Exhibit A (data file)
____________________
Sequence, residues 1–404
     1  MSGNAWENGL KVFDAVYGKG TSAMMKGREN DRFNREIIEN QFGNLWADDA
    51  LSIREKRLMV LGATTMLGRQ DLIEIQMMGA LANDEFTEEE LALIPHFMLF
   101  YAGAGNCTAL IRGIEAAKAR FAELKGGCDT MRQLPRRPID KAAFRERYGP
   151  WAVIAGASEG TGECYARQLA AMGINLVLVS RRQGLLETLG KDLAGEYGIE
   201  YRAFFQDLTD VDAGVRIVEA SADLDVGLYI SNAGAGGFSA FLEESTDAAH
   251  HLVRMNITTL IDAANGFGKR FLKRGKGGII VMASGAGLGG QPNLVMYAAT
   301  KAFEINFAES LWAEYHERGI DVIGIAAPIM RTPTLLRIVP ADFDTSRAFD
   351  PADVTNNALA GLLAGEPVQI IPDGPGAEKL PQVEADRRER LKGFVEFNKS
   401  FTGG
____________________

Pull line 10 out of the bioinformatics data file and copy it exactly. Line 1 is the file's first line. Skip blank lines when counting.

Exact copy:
   401  FTGG